Storm Large wows the Mercury Ballroom

03.25.15
Teddy Abrams, Storm Large
Louisville.com

Granted, it's hard for people (who have jobs) to get all that motivated to go out on a Tuesday, especially on a chilly, drippy spring night. We've only just started to settle into the work week and it's not yet hump day. Tuesdays are not a thing. And yet, if you're the hardy sort with your ear to the ground, you might just catch a really great show. Flying undeservedly under the radar, Storm Large and her band, Le Bonheur, delivered a bold and memorable set of songs that you would be highly unlikely to hear anywhere else from the same singer in the same show -- The Rolling Stones, Cole Porter, Jacques Brel, Johnny Cash, Bad Brains, The Pixies... well, you get the idea. 

Large kicked off the evening with her friend, collaborator -- and Louisville Orchestra Music Director -- Teddy Abrams on keys, covering the Stones' Dead Flowers and followed by Tom Waits' Saving All My Love for You. Abrams and Large have a dynamic that reminds me of that Key & Peele shtick of President Obama and his Anger Interpreter. All the musical passion and emotion that remains dammed up just behind the round eyeglasses of Abrams, who plays brilliantly but with reserve and stillness, finds its channel in Large, who dramatically interprets classic jazz, rock, and punk songs with her body, her eyes, her devilish smile, and a truly remarkable voice.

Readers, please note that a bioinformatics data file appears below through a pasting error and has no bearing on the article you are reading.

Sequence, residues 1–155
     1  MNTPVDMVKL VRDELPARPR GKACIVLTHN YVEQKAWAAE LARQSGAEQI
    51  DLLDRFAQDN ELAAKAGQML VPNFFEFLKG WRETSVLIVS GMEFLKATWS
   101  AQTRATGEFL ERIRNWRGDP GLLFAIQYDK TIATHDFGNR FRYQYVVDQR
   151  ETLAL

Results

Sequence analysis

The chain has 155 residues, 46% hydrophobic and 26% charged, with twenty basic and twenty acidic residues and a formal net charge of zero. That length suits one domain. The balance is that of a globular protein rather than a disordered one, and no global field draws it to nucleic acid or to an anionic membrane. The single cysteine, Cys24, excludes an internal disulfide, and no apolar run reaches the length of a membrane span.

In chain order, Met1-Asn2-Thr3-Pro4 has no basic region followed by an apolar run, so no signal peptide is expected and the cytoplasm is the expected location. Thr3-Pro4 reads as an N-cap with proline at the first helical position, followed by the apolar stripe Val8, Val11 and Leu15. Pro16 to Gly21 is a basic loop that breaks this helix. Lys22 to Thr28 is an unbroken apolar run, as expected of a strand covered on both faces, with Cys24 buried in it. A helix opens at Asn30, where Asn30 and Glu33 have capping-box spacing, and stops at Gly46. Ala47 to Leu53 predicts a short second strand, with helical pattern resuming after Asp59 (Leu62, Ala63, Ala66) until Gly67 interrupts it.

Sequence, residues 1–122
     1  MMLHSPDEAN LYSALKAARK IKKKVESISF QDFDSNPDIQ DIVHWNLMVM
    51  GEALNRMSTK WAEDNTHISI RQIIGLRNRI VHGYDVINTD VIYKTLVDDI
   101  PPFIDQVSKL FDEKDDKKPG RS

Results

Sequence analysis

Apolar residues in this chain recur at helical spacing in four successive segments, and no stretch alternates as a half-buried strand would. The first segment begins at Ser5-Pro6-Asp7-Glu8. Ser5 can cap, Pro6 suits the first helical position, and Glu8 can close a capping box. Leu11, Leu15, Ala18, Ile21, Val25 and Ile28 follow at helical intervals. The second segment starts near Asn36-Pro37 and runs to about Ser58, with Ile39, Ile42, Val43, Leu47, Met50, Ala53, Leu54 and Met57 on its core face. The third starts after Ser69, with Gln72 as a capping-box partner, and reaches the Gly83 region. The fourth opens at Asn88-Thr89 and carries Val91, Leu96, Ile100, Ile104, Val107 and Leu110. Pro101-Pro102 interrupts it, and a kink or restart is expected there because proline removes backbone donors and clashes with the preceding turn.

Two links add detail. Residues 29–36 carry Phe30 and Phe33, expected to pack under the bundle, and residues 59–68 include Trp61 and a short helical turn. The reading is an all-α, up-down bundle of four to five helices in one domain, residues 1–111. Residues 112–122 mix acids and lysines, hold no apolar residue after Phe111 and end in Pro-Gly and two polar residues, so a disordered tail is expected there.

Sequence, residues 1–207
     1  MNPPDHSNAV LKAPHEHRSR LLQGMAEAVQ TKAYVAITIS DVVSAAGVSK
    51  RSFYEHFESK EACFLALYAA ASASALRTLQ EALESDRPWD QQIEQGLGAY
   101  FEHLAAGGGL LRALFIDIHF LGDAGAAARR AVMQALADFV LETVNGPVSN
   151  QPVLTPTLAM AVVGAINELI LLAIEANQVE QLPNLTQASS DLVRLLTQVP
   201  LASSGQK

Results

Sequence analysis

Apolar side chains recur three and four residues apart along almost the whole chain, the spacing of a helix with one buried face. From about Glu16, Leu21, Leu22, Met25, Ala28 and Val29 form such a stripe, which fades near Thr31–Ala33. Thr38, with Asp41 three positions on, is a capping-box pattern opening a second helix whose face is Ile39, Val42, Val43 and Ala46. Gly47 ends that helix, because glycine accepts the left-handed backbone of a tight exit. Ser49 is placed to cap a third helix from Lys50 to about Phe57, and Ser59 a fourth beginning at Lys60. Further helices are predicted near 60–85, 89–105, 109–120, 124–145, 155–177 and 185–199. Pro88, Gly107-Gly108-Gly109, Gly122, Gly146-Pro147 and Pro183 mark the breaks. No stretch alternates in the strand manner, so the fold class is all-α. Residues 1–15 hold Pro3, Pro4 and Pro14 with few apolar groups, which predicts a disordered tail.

Large is a natural when it comes to Porter's sly sexiness, just as she's commanding when belting out a Sinatra tune, even one as iconic as My Way, which she'll be singing for a celebration of Frank's 100th birthday in a few weeks at some little joint called Carnegie Hall in New York. 

Her mercurial spirit and flexible voice inhabits songs as wildly diverse as Brel's wrenching Ne Me Quitte Pas and the dark Cash ballad, Long Black Veil, making them hers.

Large is backed up by a fine band of her own, the four-piece Le Bonheur, enhanced even further in the second half of the concert by Abram's reappearance and the addition of a string quartet from the LO -- violinists Caitlin Kelley and Rob Simonds, cellist Nick Finch, and violist Jonathan Mueller. Trust me, you don't know what a string section can add to Bonnie Tyler's Total Eclipse of the Heart (which she introduced as a lost work of Haydn), not to mention a Storm original, her tongue-in-cheek feminist anthem, 8 Miles Wide: "My vagina is 8 miles wide / absolutely everyone can come inside." By the time we got to that one, everyone in the cozily-sized crowd was securely strapped into the Storm Large bandwagon. And as the song says, there's plenty of room for you, too.